The Investment Scientist

Posts Tagged ‘stock market volatility

My name is Dow. I was born in May 1896 to my father Charles Dow.

In 1900/1/1, I was 66. No, that was not my age, but my level.  People care about my level since the higher it goes, the richer they get.

In the first two decades of the 20th century, I wobbled around: 100% up and 50% down was the norm of the decades. Nevertheless, I ended the two decades at 108.

Dow 1900-1920

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Warren Buffet: “Price is what you pay, value is what you get.

The value of a stock is its dividend stream. (Also see Dividends to rescue in a “Great Depression”.) So far in this bear market, the S&P 500 has tumbled close to 50%. Does that mean dividends will fall by 50% … permanently?!

During the Great Depression, the S&P 500 fell by more than 80%, and yet the discounted value of subsequent dividend stream barely declined (See Chart). In fact, the detrended value of the S&P 500 dividend stream was fairly stable throughout history while the index itself gyrated wildly. This led Yale Professor Robert Shiller to conclude:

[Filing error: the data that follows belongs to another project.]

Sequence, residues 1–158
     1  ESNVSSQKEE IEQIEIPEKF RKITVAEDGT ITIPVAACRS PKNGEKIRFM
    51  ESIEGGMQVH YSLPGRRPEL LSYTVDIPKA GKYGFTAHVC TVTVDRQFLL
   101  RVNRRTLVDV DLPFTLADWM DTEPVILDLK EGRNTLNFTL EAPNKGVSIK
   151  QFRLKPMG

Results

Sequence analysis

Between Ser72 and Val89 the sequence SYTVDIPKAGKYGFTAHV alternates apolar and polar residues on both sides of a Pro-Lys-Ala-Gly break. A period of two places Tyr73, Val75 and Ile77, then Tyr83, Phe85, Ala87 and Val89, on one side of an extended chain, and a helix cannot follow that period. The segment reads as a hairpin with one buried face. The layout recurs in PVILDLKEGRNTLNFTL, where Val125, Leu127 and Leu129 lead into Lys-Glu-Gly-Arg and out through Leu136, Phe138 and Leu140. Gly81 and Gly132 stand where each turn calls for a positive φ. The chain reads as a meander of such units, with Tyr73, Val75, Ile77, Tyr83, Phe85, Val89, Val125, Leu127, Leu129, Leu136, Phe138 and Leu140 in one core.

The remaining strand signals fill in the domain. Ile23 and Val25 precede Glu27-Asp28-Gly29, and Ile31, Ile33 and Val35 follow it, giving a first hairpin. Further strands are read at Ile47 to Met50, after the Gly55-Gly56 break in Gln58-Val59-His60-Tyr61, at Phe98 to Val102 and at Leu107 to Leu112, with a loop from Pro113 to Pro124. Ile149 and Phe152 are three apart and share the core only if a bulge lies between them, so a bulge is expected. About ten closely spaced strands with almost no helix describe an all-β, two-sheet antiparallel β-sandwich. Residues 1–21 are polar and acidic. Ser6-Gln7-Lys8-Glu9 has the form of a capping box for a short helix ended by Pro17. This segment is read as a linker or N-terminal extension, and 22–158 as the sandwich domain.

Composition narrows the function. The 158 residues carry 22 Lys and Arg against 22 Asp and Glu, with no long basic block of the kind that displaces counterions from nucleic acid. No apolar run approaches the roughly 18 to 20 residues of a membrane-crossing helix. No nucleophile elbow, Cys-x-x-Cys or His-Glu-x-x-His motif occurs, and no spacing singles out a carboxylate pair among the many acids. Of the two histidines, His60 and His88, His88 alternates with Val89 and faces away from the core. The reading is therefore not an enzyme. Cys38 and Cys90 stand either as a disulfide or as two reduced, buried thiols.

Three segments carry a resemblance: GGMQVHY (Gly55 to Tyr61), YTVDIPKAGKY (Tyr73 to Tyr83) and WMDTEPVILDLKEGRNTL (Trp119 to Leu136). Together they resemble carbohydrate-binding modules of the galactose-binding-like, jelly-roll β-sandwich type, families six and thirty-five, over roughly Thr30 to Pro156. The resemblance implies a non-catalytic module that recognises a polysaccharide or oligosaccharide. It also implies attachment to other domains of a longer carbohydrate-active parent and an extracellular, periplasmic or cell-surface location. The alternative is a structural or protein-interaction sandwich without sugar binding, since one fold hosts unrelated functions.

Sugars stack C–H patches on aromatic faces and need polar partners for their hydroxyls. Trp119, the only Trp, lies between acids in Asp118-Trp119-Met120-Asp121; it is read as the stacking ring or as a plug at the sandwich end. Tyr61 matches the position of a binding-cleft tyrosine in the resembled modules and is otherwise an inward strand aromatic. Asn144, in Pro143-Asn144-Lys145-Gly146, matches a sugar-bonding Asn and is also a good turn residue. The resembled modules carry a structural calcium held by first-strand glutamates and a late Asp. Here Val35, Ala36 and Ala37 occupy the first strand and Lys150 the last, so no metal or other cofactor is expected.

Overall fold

Stock prices move too much to be justified by subsequent changes in dividends.

(Also see How Harvard/Yale Endowments invest for bad times.)

Chart: Price volatility compared to “value” volatility, from Robert Shiller’s 1981 paper “Do stock prices move too much to be justified by subsequent changes in dividends?”

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Author

Michael Zhuang is principal of MZ Capital, a fee-only independent advisory firm based in Washington, DC.

Twitter: @mzhuang

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